Bangladesh: On Victory Day, PM Sheikh Hasina delivers a strong statement on religious harmony
On 16 December, Prime Minister Sheikh Hasina issued a strong address against groups spurring religious divisions in the country. In the light of the incidents surrounding vandalisms of Mujib’s bust, Hasina’s statement touches chords for secularism, religious harmony and Bengali identity. “The government would not let anyone create any division and anarchy in the country over religion. This Bangladesh is the Bangladesh of Lalon Shah, Rabindranath, Kazi Nazrul, Jibanananda. This Bangladesh is the Bangladesh of Shahjalal, Shah Poran, Shah Mokdum, Khanjahan Ali. This Bangladesh is the Bangladesh of Sheikh Mujib…this country is for all,” said Hasina while addressing the nation on the occasion of Victory Day.
Afghanistan: Deputy governor of Kabul among those killed in ‘sticky bomb’ attack
On 15 December, the deputy governor of Kabul, Mahbubullah Muhibbi along with his secretary was killed in a blast in Kabul when an IED that was placed on the vehicle exploded. On the same day, a deputy provincial council member died in a similar attack in Ghor province. However, no group, including the Taliban claimed responsibility for the blast. These attacks come amid the rising number of ‘targeted killings’ that have occurred across the country, with these attacks on individuals have used so-called “sticky bombs” attached to vehicles by magnets being the mode of the attack. Further, violence continues to surge despite the talks between the Afghan officials and Taliban in Doha, Qatar.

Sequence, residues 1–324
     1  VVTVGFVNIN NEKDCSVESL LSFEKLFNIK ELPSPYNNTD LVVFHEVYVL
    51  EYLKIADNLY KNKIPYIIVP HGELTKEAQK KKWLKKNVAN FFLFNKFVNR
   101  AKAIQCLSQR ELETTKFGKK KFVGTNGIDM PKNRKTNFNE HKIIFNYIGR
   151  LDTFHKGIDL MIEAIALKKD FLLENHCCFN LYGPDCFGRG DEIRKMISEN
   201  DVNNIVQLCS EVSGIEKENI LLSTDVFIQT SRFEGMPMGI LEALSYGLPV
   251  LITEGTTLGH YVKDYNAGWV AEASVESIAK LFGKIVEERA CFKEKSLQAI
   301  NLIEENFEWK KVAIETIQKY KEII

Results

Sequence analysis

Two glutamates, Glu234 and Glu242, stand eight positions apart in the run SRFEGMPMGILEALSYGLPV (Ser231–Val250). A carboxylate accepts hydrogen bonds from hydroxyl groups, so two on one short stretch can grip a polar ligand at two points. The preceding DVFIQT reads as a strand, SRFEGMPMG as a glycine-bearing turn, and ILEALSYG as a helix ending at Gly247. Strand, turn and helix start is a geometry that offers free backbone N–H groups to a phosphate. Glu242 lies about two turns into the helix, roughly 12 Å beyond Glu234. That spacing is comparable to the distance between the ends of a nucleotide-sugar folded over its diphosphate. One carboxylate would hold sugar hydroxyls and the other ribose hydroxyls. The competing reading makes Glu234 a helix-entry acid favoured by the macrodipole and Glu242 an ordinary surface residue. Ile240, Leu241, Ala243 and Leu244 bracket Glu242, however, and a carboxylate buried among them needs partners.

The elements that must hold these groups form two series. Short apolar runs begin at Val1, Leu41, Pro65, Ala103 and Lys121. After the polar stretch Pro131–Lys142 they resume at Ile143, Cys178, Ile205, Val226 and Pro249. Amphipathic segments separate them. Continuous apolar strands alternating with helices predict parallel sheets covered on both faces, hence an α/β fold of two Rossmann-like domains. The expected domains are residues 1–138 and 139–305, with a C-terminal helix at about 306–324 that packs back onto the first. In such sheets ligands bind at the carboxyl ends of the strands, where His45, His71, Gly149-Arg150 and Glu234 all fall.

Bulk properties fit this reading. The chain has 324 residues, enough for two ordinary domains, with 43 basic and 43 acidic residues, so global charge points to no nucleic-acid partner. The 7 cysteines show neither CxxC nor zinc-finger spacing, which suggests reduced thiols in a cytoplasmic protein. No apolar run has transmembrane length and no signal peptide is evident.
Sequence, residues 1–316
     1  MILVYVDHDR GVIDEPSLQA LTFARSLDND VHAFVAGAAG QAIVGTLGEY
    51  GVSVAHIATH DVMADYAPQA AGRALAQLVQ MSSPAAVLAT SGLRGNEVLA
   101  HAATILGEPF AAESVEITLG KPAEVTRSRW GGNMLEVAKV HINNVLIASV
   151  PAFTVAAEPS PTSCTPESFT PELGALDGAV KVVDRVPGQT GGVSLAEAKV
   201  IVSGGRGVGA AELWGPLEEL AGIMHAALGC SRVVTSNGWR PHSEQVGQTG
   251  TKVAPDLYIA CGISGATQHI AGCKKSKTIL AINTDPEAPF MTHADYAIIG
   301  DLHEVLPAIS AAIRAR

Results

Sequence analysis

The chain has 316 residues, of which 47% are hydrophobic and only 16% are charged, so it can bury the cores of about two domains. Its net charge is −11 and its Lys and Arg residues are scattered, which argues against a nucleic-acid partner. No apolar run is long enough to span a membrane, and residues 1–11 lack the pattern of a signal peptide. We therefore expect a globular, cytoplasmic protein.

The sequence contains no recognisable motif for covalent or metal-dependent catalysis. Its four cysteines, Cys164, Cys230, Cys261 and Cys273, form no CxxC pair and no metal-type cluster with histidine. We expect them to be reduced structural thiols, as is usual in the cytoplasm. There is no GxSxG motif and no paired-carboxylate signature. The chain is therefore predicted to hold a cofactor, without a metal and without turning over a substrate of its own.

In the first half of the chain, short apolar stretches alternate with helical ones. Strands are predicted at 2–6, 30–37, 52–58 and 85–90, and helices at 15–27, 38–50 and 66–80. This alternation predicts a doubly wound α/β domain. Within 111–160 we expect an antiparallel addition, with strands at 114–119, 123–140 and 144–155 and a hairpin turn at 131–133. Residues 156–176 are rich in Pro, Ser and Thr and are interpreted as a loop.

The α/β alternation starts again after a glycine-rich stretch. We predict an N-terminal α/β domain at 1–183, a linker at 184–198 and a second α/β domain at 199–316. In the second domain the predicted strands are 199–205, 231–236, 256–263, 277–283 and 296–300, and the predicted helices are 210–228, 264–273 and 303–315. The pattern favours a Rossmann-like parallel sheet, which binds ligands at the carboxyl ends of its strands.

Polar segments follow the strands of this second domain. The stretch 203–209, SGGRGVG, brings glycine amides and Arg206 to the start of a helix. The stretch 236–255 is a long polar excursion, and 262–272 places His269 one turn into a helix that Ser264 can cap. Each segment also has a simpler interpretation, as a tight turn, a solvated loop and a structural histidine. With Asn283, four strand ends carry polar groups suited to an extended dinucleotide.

Peace and Conflict from Central Asia, Middle East and Africa
Nagorno-Karabakh: Armenia and Azerbaijan accuse each other of violating the peace deal
On 13 December, Azerbaijan and Armenia accused each other of violating the ceasefire that ended the conflict in Nagorno-Karabakh. Azerbaijan’s defence ministry said four of its soldiers were killed, while authorities in Armenia said six of their troops had been wounded. Further, the Russian Defence Ministry confirmed the truce violations a day earlier. However, they did not specify which side opened fire first. Additionally, it was Russia’s first report of a violation since the peace deal was reached on 10 November. The blame came a month after the two sides called a truce in their latest round of armed-conflict since September.